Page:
Selected Quote
In looking back on my life I must confess that the bulk of the worth-while things in it are connected with friendship, which to me is all the more strange, when I think that I have lived my life chiefly struggling for material things, as do most of us, I fear.
A. G. Street (1932) Farmer's Glory, p. 238. Oxford University Press, reprinted edition 1983.
The ice has gone, the drought not yet come.
Christopher Norment (2012) In the Memory of the Map: A Cartographic Memoir, p. 231. University of Iowa Press.
I think of all the fossils held within the Grand Canyon, and elswehere on earth, of life's great path as told by the legions of the dead. I've read that the average life expectancy for a species is one to ten million years, and that 99.9 percent of all the species that ever lived are extinct. Ghosts, speaking to us acros great gulps of time, just as human deaths speak to us with their immediacy and force.
Christopher Norment (2012) In the Memory of the Map: A Cartographic Memoir, p. 171. University of Iowa Press.
I stoop to pick up a fossil brachiopod from a scatter of limestone debris, and death's terrible beauty is suddenly before me - the warp and weft of extinction and speciation, the extent to which death and time have crafted the cloth of this living world.
Christopher Norment (2012) In the Memory of the Map: A Cartographic Memoir, p. 173. University of Iowa Press.
Science still remains a dream, for it takes us no more than a few faltering steps toward understanding; graphs and charts create little more than an illusion of knowledge. There is no ultimate knowing. Beyond the facts, beyond science, is a domain of cloud, the universe of the mind, ever expanding as the universe itself.
George B. Schaller (1979) Stones of Silence: Journeys in the Himalaya, p. 243. University of Chicago Press.
Some writers are born only to help another writer to write one sentence.
Ernest Hemingway (1935) Green Hills of Africa, p. 21. Charles Scribner's Sons, New York.
Naturalists should all work alone and some one else should correlate their findings for them.
Ernest Hemingway (1935) Green Hills of Africa, p. 21. Charles Scribner's Sons, New York.
Biology used to be about plants, animals and insects, but five great revolutions have changed the way scientists think about life. ... The first five revolutions were the invention of the microscope, the systematic classification of the planet's living creatures, the theory of evolution, the discovery of the gene, and the discovery of the structure of DNA. ... I believe that the sixth revolution in biology is already under way, and it is to apply mathematical insight to biological processes.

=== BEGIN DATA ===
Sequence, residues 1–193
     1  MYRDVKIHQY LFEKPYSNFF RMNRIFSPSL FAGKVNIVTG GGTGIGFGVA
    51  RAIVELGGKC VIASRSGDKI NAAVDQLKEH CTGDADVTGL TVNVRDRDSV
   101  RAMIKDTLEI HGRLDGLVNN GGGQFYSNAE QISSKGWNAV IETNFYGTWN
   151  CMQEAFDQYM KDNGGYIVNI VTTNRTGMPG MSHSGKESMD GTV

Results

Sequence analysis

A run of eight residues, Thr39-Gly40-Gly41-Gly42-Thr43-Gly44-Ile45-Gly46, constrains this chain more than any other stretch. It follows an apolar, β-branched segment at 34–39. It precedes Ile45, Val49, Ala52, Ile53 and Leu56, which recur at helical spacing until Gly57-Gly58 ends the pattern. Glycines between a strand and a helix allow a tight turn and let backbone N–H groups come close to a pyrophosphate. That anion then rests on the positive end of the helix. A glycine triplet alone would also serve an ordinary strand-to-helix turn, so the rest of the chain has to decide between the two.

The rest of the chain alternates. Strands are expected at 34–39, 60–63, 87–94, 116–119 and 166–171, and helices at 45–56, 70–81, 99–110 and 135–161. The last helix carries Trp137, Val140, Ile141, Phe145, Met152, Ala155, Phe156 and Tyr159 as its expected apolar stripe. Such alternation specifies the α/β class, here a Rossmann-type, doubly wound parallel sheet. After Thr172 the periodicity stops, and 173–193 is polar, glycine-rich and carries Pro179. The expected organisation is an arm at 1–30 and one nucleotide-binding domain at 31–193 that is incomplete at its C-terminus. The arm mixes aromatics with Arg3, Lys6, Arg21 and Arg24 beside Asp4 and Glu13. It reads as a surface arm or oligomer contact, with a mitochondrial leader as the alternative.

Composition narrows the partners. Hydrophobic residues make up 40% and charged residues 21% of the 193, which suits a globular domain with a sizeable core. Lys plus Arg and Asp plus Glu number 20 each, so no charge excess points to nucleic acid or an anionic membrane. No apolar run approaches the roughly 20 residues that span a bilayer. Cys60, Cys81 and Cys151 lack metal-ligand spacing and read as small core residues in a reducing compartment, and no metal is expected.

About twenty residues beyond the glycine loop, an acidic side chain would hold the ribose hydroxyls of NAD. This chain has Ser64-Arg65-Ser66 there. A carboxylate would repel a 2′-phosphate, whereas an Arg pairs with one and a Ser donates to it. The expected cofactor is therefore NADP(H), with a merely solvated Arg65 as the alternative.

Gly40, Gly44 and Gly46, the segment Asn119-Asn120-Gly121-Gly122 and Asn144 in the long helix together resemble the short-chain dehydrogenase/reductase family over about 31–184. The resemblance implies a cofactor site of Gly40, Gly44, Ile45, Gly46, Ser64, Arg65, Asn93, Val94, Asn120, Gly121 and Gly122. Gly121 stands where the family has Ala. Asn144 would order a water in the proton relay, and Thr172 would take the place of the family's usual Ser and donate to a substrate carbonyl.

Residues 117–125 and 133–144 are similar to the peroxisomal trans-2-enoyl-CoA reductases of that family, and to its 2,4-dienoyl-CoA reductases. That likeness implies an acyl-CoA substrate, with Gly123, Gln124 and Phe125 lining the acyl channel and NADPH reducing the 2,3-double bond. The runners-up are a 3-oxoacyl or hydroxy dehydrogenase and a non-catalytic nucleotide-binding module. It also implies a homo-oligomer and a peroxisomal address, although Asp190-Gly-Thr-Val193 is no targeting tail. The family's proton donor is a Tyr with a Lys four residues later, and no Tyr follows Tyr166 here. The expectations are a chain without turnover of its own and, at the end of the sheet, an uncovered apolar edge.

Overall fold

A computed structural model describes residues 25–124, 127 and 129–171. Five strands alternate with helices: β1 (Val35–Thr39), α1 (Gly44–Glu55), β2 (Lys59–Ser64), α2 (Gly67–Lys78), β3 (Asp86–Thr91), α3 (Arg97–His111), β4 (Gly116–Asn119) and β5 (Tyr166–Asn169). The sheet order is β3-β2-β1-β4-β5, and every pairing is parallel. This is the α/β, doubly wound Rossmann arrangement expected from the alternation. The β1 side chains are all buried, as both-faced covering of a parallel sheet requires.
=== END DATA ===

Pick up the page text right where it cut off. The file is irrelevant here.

Ian Stewart (2011) The Mathematics of Life, pp. 8 and 16. Basic Books, New York.
Now, as I tread the sandstone pavements around Sydney, I feel the power of long-spent sunbeams on my bare feet. Looking at the rock through a magnifying lens I can see the grains whose rounded edges caress my toes, and I realise that each one of the countless billions has been shaped by the power of the Sun that, over 300 million years ago, drew water from a primodrial ocean which then fell as rain on a distant mountain range. Bit by bit the rock crumbled and was carried into streams, until all that remained was rounded grains of quartz. A million times more energy must have gone into creating sand grains than has ever gone into all human enterprise.
Tim Flannery (2005) The Weathermakers, p. 78. HarperCollinsPublishers, New York.
I know that to a bee, the rose is not an object of beauty but a source of food; yet to both the bee and to me, the rose is sacred, if we mean by sacred a gift to be cherished and on which we depend. In the same sense, music is beauty to me.
Yehudi Menuhin (1980) Sound and Unsound. In: The Music of Man by Yehudi Menuhin and Curtis W. Davis, p. 271. Macdonald General Books, London, England.
That fools should venture where angels fear to tread is perhaps the ultimate justification for the existence of fools.
Yehudi Menuhin (1980) Introduction. In: The Music of Man by Yehudi Menuhin and Curtis W. Davis, p. viii. Macdonald General Books, London, England.
In the hearing of Beethoven's Eroica, in the presence of a portrait by Rembrandt, in the rhythm and import of a sonnet by Shakespeare, we are in direct contact with the truth and spirit of the creators, as surely as we are in a different dimension through the perception of Einstein who, paradoxically, while bringing science closer to metaphysics than ever before, fixed the human situation as forever relative.